Flying standby, non-rev travel, space available, or staff travel. However you hear it talked about, it basically means one thing: an airline employee, spouse, parent, or “buddy” traveling on an unconfirmed ticket. That is to say – passengers showing up at the airport with no tickets and hoping to get on a flight with an open seat. In its purest form, flying standby requires pass-riders to have the ultimate in travel flexibility: open dates, open destinations, or sometimes both!
In a lot of ways, flying standby is the ultimate fantasy of travel: just deciding on a whim to go to the airport and catching the next flight out. It’s serendipitous travel in its purest form. Flying standby, however, can have its less-than-pleasant side. And if you’re not mentally prepared for it, it can be downright terrible. Stuck in Honolulu’s airport for two days. Leaving the O’hare three days in a row without getting out. Flying three legs when there are three directs a day. As they say when you’re flying standby, “you get what you pay for.”
You get what you pay for!-Every non-rev traveller ever
How Flying Standby Works
Which brings us to this journey. We wanted to visit Athens as a little pre-baby getaway. Sure, we could have flown direct. From O’hare. But where would the fun in that be? Nah, we like a challenge. Not really, flights just started selling out! Our process is generally as follows:
- Two Weeks Out: Get together a list of 4-5 places we’d like to visit and keep an eye on the loads.
- One Week Out: Realize all but two or three will be too close to chance. Pick a sure-thing back up.
- Three Days Out: Things start to even out, so we can pick our #1 and #2, and then have a couple alternate ways to get there.
- Night Before: Plan the time we need to leave for the airport, but know we might have to take that 6am.
- Travel Day: See that everything is starting to fill up and react accordingly.
Our trip for our babymoon in Athens was no different. Our original intention was to fly from Chicago to Brussels or Frankfurt to Athens. One quick stop in Europe and hop on either Lufthansa or Aegean. The night before, the flight to both BRU and FRA sold a lot of seats! And by the time we woke up in the morning, those simply weren’t options.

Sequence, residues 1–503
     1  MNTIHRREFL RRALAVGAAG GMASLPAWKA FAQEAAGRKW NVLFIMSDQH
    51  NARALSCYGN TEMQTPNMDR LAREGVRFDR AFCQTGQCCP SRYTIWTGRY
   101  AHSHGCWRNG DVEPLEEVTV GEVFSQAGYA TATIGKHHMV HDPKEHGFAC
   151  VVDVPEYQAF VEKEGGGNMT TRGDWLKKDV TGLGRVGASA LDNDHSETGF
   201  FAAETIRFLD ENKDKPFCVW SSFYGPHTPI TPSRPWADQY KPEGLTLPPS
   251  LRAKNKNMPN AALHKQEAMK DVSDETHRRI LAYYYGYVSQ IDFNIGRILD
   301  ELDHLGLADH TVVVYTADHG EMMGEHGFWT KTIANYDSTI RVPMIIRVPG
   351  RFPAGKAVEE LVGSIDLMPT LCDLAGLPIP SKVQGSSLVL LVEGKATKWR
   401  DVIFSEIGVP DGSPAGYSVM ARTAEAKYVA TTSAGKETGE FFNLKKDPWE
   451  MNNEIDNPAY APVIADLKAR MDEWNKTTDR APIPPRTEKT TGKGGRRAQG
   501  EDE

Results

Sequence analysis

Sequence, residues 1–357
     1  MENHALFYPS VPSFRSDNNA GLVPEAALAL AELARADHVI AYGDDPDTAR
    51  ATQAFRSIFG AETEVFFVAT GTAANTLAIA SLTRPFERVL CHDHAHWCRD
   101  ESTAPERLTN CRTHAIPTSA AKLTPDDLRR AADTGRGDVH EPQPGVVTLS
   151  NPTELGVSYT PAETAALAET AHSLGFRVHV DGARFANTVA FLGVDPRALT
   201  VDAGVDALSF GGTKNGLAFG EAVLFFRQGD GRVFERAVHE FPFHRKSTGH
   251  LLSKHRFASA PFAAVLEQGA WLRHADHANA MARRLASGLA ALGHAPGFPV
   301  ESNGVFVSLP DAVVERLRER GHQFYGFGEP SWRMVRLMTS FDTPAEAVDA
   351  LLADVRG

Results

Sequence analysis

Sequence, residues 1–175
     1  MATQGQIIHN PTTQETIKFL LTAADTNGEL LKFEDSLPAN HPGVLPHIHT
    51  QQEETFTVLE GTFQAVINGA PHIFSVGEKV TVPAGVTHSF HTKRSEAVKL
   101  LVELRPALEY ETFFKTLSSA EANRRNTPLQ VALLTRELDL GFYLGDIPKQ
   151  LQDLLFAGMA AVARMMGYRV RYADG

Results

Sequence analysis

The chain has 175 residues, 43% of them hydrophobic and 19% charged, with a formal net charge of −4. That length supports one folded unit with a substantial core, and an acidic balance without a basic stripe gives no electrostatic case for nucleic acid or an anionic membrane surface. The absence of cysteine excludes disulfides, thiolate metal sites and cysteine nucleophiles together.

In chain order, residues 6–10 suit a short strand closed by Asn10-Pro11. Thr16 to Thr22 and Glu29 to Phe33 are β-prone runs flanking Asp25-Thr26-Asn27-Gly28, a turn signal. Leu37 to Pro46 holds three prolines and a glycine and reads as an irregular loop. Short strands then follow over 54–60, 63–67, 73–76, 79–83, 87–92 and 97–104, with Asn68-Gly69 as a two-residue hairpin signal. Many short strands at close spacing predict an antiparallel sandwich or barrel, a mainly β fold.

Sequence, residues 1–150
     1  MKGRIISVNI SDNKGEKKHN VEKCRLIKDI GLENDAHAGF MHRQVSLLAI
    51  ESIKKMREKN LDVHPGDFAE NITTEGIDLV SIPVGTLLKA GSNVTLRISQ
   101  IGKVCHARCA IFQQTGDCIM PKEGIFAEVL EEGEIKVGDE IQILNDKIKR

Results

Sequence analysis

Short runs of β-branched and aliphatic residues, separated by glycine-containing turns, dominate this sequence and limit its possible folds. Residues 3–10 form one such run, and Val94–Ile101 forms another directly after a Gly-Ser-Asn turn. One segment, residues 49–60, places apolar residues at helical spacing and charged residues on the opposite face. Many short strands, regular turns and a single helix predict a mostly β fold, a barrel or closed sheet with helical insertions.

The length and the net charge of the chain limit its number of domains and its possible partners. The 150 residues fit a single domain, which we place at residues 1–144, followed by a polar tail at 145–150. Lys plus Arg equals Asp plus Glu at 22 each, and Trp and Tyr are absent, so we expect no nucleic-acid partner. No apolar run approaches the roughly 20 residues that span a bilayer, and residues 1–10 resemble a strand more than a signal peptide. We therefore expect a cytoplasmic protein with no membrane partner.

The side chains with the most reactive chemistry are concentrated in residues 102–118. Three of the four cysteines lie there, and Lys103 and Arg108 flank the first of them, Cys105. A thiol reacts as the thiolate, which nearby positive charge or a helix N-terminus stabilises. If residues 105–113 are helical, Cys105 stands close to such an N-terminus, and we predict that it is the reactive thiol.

Time for an audible. We’re headed to Newark! EWR has a ton of other European flights, so we knew that even if we didn’t catch the BRU or FRA flight, we could at minimum get to somewhere in Europe and strategize again from there. So luckily, we were able to leave at 11am instead of 6pm and snagged a couple seats to Newark.
Where to Go?
Newark’s seat situation looked much better for us. Which presents it’s own problems! How do you choose which flight to take? Literally a roll of the dice because we had no idea the seat count for the final leg to Athens. Choose wrong and we were stuck in whatever city we picked. After much debate and a couple hours sitting in the United Club, we finally settled on Brussels.
Landing in Brussels, after a day and night, we then have to find out if we’re making it to Athens. No idea of the seat situation, we try to find an Aegean desk. Oh. There are none? No one from Aegean? No gate? And the gate agents only work for SwissPort? Crap. More waiting.
This Ought to be Interesting…
After catching a shower with our Priority Pass (man, this is essential when you have no idea how long you might be marooned in a given airport) we went down to the gate that the flight is “normally” departing from. Between the language barrier and no insight to availability, we were flying as blind as we ever have. Luckily, we got an email with boarding passes on a whim and we knew we finally had seats.
The flight, at this point, is going to board any minute. And we don’t have a hotel yet. So time to confirm one of the handful we had looked at and hope it’s still available!
That’s Flying Standby in a Nutshell
This one certainly worked out for us, albeit longer than we’d planned. But at the end of it all, it’s normally a super fun experience. For our take, it’s really taught us (and our daughter!) flexibility and adaptability.
Sometimes…. It Doesn’t Work
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